How to do death contemplation ? it seems i really dont care about dying that much

how long can i do it ? is there a formal technique to do it ? cause just thinking about it dosnt seem to have no effect at all

i do seem to care about others who die though but not on myself - and even on others i care much more about them being ill and suffer than them dying

so any tips you have to add to make this more effective would be great

and just to make it clear : i want to do this to get a sense of urgency so i will meditate more so i will get chanda

  • There's no need to delete a question that's closed as a duplicate. People might find this question using Google (e.g. if it uses slightly different keywords than the original question), and see the link to the original question ... so keeping it (closed but undeleted) is a net benefit. See also e.g. Do not delete good duplicates!
    – ChrisW
    Sep 30, 2016 at 23:41
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    – Lowbrow
    Oct 3, 2016 at 15:54

1 Answer 1


i do seem to care about others who die though but not on myself

But that's the whole point. So if you already don't mind dying (that's how i understand your statement), then maybe you're an arahant?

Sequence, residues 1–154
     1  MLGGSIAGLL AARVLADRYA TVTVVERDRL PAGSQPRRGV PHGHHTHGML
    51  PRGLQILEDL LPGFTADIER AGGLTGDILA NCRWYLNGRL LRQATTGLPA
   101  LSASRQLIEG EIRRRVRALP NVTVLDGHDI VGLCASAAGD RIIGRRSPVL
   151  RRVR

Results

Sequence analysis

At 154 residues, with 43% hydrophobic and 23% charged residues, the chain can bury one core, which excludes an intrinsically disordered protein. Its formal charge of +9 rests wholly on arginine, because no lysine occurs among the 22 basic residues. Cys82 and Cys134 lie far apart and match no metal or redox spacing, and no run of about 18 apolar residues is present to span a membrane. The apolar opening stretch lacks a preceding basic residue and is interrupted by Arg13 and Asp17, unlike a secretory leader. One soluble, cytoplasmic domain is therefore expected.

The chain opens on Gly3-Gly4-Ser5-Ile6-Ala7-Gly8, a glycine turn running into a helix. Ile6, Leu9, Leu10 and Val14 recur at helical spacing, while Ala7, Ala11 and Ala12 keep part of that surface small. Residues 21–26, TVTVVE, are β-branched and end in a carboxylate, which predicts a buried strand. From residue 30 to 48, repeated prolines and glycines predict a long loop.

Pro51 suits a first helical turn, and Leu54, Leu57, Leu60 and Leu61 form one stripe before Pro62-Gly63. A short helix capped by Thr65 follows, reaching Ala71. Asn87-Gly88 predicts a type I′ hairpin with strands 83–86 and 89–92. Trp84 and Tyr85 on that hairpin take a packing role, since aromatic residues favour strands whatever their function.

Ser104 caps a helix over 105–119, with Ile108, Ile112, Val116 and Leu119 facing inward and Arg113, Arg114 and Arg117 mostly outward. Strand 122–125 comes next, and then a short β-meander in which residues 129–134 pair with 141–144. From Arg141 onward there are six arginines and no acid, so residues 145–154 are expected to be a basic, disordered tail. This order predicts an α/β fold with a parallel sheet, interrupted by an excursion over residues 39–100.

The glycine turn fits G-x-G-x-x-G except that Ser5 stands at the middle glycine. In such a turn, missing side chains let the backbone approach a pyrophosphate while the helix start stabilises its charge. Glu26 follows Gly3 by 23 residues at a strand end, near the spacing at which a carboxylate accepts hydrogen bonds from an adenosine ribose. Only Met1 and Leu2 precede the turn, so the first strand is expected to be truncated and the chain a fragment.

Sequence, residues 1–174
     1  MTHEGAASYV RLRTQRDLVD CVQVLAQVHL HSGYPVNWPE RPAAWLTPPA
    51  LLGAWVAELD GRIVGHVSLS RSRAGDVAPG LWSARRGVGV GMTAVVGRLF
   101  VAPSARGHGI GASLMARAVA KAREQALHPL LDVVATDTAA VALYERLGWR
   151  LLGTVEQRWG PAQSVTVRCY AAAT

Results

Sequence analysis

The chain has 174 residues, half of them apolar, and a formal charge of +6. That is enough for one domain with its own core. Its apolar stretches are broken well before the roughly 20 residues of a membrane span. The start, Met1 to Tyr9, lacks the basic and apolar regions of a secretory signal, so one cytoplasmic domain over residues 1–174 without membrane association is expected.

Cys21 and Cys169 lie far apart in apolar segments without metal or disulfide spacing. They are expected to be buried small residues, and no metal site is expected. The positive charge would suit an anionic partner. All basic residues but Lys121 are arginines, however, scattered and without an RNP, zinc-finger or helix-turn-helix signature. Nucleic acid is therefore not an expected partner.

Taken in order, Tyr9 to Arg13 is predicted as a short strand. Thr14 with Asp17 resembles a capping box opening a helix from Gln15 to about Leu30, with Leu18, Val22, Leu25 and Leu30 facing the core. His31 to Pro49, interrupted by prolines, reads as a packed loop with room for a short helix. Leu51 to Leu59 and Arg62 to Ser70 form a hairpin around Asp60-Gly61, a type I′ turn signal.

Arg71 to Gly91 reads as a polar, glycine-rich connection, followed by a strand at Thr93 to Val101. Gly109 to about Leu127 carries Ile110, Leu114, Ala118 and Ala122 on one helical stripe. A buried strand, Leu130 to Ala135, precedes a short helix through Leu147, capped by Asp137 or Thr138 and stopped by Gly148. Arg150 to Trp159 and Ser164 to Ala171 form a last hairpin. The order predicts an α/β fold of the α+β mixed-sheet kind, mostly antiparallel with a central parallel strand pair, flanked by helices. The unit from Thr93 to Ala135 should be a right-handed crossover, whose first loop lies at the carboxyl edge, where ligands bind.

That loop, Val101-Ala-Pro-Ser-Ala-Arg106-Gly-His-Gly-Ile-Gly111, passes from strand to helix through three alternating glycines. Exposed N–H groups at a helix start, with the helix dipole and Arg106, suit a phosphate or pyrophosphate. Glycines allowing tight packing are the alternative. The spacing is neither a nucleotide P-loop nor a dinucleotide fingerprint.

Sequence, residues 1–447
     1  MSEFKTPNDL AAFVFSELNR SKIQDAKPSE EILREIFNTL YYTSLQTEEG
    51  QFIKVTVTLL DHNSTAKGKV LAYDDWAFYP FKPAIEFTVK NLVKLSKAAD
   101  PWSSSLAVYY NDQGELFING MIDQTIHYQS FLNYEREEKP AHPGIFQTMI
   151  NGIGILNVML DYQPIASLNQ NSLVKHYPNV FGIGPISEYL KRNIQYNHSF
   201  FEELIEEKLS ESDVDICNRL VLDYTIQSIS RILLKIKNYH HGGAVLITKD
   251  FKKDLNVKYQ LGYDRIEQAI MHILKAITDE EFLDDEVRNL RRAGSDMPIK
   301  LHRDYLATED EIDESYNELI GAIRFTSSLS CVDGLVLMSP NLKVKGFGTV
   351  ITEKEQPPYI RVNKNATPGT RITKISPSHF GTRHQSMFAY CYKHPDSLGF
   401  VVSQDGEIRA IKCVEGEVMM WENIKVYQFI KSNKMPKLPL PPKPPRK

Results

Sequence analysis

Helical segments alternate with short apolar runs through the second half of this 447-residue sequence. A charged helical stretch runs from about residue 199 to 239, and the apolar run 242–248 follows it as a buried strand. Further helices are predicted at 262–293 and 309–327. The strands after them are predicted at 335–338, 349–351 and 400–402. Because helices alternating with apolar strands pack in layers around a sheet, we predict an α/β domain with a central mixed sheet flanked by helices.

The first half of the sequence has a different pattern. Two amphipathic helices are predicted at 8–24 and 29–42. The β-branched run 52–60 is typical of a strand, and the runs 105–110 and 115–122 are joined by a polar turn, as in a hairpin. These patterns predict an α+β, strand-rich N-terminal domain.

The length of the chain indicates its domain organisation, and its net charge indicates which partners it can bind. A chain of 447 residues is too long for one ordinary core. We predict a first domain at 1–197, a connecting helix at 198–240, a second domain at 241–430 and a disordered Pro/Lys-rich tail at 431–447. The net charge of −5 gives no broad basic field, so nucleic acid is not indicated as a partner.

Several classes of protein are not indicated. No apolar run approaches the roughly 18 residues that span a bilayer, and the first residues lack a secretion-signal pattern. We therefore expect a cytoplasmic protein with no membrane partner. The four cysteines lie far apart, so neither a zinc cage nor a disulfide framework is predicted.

I of course am not familiar with your background, but whether you mind or not can be found out in the life and death situation, when contingency of dying is very real. Good health and safe environment are not the conditions to help to realize one's own mortality. An event which has a potential of causing a profound shift in one's attitude towards death is a death of a close relative, and especially a sudden and unexpected one, because it hits very close to home and with great impact due to suddenness.

Contemplation of death for development of samvega is described in Maranasati suttas 1 & 2 http://www.accesstoinsight.org/tipitaka/an/an06/an06.019.than.html http://www.accesstoinsight.org/tipitaka/an/an06/an06.020.than.html

And here's how actual practice of perception of death is described in a Gandhari Samyukta Agama Sanna sutra (Andrew Glass, Mark Allon, 'Four Gāndhārī Saṃyuktāgama Sūtras: Senior Kharoṣṭhī Fragment 5')

What is the concentration connected with the perception of death? In regard to this, a monk who is at the root of a tree, or in an empty house, or in an open space… thinks “I will die, I will not live long, I will perish, I will die, I will disappear. It is the undistracted one-pointedness of mind of a person so positioned, which is called “the concentration connected with the perception of death.

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